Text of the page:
December 2018

Barry White, Jr.

Barry White, Jr.

Although Barry White Jr.’s name may not be known around the world, his passion for teaching is. And all because of a handshake.

White, a fifth-grade teacher at Charlotte’s Ashley Park Elementary, believes students will see learning as exciting and fun when they have a connection with a teacher they believe genuinely cares about them.

A fan of NBA star LeBron James, White had seen James build excitement among his teammates with pre-game handshakes. So when a student greeted White on the way into class one morning, White created a “secret” handshake with the youngster.

Soon, all his students, and many others in the school, were clamoring for their own choreographed greeting with their energetic, dapperly-dressed teacher.

“The energy it brought was astounding,” he said. “It really created an atmosphere that made the kids excited to be in the classroom, ready to learn.”

White has developed multiple routines, each unique and many very intricate.

“I know the certain moves that go with certain kids because it’s personalized,” he said. “For example, some of my students are on the step team I started. We step a little bit in their handshakes.”

A video of White greeting his students was posted online and quickly went viral, eventually leading to a studio appearance on NBC’s Today show.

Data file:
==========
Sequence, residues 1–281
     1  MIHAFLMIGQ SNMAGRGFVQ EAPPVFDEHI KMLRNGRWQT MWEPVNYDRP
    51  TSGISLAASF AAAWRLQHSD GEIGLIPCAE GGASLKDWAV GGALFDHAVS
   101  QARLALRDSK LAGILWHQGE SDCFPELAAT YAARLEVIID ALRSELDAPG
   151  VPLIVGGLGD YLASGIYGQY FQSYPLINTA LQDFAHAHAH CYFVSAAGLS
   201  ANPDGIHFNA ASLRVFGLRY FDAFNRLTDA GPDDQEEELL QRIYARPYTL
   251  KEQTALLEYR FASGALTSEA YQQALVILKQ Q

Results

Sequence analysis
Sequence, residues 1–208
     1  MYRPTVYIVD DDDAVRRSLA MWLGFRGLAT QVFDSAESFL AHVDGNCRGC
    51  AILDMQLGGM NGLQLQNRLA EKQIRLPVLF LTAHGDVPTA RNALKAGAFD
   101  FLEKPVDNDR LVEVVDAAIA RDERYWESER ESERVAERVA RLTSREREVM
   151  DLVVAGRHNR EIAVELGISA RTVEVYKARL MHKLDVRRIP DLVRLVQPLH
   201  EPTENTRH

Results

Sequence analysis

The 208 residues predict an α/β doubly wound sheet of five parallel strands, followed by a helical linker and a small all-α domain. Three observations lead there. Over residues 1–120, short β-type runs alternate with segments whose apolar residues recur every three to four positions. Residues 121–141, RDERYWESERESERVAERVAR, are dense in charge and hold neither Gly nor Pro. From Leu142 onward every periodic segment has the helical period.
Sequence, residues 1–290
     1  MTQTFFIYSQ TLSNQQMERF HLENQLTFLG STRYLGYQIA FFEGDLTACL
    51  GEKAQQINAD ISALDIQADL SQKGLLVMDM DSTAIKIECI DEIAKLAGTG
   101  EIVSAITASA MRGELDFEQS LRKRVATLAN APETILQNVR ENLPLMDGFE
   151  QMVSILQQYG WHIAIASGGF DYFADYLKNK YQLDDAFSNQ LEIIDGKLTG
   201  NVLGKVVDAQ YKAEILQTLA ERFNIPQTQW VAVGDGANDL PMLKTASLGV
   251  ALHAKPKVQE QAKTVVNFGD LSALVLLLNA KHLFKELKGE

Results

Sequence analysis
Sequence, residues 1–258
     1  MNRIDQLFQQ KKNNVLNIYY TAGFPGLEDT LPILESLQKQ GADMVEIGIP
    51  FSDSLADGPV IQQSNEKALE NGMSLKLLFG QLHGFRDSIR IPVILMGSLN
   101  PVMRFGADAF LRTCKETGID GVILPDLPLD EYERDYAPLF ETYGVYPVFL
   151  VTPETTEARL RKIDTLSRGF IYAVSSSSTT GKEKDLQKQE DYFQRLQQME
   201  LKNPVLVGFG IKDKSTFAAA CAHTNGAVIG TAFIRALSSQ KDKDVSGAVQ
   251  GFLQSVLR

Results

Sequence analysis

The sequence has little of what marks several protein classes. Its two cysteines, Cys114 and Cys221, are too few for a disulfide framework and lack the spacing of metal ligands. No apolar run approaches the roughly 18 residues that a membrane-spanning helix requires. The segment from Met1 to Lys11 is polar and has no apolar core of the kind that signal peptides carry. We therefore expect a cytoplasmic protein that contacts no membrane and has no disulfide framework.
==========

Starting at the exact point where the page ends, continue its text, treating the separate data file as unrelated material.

The experience illustrated a lesson White continually tries to impart to students: be true to yourself.

“It’s easy to fall into the trap of trying to be perfect and almost become like a robot,” he said. “But if you will be authentic and be true to who you are, you will see results manifest before your eyes.”

A native New Yorker, White attended Claflin University in Orangeburg, SC. Graduating in 2014, he landed his first teaching job in Jasper County and quickly found a small-town lifestyle was not for him.

“Being a New Yorker, I was really craving to get back to a city.”

White moved to Charlotte in 2015, drawn by the students he met on a tour of Ashley Park and the sense of family that existed among the faculty and staff. He was also impressed by the strong emphasis on developing relationships that make a difference for students both inside and outside the classroom, teaching lessons that linger as the students move on through life.

White has a burning desire for his students to succeed academically and as people of character. He encourages them to embrace their individuality, while being respectful of others’ uniqueness, as well.

“I try to tell them that it’s okay to be different,” he said. “I encourage them to be excited about life, to be innovative and creative. That’s where you find authenticity.”

And it’s a lesson he teaches daily with a handshake.

–by Cassandra Talabi